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Merseyrail reveals reduced Grand National timetable to cope with RMT strike

Merseyrail has today released its modified timetable for RMT’s strike on Grand National Day on Saturday 8 April, saying that there will be very few trains running on the network besides services going to and from the racecourse at Aintree.  

The operator says it is aiming to deliver a 7.5-minute service to operate at key times, but warned passengers on other parts of the network to expect major delays as resources were being directed towards making sure a safe and quick service was run to Aintree as thousands of people descend on the area for the races.

It was also announced that should the RMT call the strike off any later than 5 April, in what Merseyrail says would be “a political tactic to act as the saviour of the Grand National travelling public,” there would not be enough time for the operator to get normal services back up and running and restore emergency service cover and logistical support that is required for an event as large as the Grand National.

The dispute between the RMT Merseyrail and Northern is over the role of guards on trains, as operators are looking to move to driver-only operated trains, which would make the guards role redundant and is something the union says would compromise passenger safety.

The last time RMT took industrial action, major disruption was caused across the country, in particular on Northern trains where only 40% of normal services were run.

The announcement of Merseyrail’s contingency timetable also comes the day after RMT announced they had written to Liverpool mayor Joe Anderson urging him to step in to bring the bitter disagreement to an end.

Frank Rogers, chief executive of Merseytravel, said that close working has taken place between Merseyrail, Aintree and other transport operators to keep punters moving on the day of the races, as well as keep the rest of Liverpool’s travel network running as efficiently as possible.

“We are used to the transport challenges of big events with all partners coming together to go the extra mile,” explained Rogers. “This is no different.”

He also described the RMT’s action as “a calculated and cynical move by the RMT to try to use the Grand National, the jewel in our city-region’s crown, as a gambling chip in RMT’s national battle”.

“The RMT’s claim that this issue is about passenger safety falls apart when they are prepared to put the travelling public at risk by deliberately putting more pressure on a much reduced network,” said Rogers.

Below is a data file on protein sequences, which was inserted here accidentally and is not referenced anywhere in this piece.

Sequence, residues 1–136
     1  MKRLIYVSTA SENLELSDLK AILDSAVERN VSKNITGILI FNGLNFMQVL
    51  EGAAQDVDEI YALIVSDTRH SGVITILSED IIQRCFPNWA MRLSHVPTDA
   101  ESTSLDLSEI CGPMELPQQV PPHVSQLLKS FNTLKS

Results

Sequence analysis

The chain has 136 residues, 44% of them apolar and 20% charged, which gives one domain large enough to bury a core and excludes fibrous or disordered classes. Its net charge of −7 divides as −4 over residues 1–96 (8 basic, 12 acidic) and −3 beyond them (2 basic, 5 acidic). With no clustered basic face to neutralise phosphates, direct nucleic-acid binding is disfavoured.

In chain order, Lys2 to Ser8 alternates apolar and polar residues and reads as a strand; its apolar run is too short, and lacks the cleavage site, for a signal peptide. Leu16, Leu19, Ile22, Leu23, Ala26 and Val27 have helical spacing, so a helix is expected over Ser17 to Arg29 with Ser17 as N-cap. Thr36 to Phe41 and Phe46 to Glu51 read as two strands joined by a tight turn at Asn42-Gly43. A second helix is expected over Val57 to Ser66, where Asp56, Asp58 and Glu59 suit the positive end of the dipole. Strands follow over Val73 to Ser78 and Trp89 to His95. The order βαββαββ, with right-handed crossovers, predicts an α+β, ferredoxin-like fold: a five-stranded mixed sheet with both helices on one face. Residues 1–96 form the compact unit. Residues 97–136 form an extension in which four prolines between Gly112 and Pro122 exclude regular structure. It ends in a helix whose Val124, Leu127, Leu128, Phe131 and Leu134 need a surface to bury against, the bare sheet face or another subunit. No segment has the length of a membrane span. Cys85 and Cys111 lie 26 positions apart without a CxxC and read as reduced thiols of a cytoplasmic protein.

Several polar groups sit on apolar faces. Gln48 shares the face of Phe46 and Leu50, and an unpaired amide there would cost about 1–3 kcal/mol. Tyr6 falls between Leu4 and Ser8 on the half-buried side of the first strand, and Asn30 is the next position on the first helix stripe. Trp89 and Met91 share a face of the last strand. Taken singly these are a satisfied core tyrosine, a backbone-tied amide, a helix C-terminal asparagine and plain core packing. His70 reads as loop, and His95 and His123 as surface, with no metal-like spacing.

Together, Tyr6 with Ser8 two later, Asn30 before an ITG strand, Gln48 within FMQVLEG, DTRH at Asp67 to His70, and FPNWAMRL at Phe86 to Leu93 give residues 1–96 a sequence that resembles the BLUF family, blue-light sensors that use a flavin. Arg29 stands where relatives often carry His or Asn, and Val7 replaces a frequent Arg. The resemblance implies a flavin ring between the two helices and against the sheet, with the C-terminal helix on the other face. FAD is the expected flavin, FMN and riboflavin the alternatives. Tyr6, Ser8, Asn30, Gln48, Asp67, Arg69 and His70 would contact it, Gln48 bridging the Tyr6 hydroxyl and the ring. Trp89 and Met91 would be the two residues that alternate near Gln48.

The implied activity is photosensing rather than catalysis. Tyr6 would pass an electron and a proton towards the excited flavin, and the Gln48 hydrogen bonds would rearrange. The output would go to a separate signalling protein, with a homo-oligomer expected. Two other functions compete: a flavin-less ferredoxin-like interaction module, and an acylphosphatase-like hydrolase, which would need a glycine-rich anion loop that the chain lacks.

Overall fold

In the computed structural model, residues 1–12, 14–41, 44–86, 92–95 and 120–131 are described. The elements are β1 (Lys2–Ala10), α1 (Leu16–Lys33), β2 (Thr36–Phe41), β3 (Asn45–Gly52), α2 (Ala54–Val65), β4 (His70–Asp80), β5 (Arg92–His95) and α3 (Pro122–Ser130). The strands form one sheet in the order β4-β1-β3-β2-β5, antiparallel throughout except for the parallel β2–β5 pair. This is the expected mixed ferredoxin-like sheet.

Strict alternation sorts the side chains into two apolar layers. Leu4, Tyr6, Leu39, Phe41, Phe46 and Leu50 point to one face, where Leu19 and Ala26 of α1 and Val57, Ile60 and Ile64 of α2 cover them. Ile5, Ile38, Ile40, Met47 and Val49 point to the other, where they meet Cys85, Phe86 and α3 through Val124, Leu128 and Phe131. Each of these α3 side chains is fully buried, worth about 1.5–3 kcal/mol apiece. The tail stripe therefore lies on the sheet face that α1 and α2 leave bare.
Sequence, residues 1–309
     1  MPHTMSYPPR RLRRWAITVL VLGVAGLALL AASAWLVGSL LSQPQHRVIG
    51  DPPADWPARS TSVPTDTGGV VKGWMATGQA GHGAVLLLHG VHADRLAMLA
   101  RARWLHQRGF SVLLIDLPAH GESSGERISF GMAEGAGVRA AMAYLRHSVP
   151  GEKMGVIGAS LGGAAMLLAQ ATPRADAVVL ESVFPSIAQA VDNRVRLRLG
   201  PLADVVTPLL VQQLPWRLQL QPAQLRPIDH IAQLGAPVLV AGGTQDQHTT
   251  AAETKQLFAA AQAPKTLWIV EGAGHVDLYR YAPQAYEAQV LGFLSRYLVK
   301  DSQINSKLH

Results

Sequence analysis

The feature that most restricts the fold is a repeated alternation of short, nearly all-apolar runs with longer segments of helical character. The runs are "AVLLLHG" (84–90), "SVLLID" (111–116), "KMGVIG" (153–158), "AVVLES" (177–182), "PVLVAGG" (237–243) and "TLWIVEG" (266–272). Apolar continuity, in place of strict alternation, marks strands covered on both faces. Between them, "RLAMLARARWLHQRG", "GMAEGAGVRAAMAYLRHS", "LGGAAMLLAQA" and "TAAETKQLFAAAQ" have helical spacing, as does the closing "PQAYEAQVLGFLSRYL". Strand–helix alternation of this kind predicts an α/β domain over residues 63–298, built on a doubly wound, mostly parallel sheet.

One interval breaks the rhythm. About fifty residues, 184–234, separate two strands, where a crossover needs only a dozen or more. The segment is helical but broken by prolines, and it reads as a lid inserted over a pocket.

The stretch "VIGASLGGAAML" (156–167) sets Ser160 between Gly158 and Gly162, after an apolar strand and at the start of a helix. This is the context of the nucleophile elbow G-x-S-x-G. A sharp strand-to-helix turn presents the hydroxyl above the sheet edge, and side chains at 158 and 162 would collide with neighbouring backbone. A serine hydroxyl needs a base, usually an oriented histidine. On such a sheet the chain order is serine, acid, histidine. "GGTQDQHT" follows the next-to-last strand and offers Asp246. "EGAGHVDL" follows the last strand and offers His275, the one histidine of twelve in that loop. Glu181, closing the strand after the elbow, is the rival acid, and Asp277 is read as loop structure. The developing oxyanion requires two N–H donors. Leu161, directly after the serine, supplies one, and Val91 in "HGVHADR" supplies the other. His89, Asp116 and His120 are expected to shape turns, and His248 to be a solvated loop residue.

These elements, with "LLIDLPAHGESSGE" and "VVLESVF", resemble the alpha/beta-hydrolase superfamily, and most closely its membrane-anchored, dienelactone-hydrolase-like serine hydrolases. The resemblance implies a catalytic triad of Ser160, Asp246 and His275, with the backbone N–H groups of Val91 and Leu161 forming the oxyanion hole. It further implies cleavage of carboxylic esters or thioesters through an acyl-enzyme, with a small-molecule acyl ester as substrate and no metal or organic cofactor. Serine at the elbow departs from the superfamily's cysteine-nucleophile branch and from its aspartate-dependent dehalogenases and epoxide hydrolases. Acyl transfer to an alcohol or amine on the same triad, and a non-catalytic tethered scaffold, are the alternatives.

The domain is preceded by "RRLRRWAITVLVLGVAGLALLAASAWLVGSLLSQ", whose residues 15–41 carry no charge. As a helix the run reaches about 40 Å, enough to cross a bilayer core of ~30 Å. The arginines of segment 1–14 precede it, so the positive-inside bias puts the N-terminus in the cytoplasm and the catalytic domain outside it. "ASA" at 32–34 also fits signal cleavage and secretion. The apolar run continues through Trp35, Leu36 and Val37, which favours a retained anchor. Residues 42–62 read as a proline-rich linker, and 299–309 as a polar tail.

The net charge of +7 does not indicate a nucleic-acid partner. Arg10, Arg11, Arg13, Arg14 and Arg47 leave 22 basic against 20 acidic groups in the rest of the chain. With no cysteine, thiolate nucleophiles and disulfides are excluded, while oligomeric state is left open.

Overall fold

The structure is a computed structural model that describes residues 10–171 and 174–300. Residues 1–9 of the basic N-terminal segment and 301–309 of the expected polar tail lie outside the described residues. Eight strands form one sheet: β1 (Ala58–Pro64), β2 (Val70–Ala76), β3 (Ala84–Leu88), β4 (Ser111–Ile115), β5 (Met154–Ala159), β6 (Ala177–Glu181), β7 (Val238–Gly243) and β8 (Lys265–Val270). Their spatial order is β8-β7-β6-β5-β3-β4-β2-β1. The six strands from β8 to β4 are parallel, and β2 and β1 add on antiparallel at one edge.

Jan Chaudhry-van der Velde, Merseyrail’s managing director, added: “Our focus is clear – to support the Liverpool city-region and its economy on our biggest day of the year.

“Despite the RMT’s best efforts to scupper this iconic event and create misery for the tens of thousands of people who look forward to it all year, we’ve developed a timetable aimed at getting as many people between central Liverpool and Aintree, as we normally do on Grand National day.

“We are putting our passengers and the city-region first. The RMT is not.”

The Merseyrail MD concluded by urging the RMT to engage in meaningful conversations with operators rather than “playing games with our region’s biggest day”.

And John Baker, Aintree Racecourse’s managing director, commented: “We’ve been extremely encouraged that by working closely together with Merseyrail, Merseytravel and other transport providers we are doing everything possible to ensure racing fans will be transported effectively on Grand National day with as little disruption as possible.”

Top Image: Nick Ansell PA Wire

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Jerry Alderson   31/03/2017 at 13:55

RTM wrote: "operators are looking to move to driver-only operated trains." I prefer driver-controlled operation but nevermind. Is it really the "operators"? In the case of Merseyrail, surely they have been instructed by MerseyTravel. The RTM article ought to say "transport authorities are looking to move to ..." as that would also cover the DfT requirements imposed on Southern and Northern.

Peter Lee   31/03/2017 at 18:07

DOO was originally designed to move empty train stock around the network it's not suited to moving passengers around the rail network solely. The cameras do not give a good enough picture of the platform and you cannot see the important information to dispatch safely such as body language more importantly you can't hear anything so you only have very limited operational information this means it's easy to separate families, passengers can become stranded and people with learning difficulties and mental health issues are st huge risk. Unfortunately the DFT's main customer is the Train Operating Companies and their main concern is their shareholders . The passengers needs don't even enter the equation because they have worked out that their insurance payments cover any liability up to £12'000'000 basically 12 incidents before it hits their profits. Taking guards off the trains is unsafe and only profits the companies and the DFT who seem hellbent on modernisation which means the passenger paying more every year for less reality sucks eh.

Market Bosworth   03/04/2017 at 20:27

"... DFT who seem hellbent on modernisation ..." Railways move into 21st century shock!

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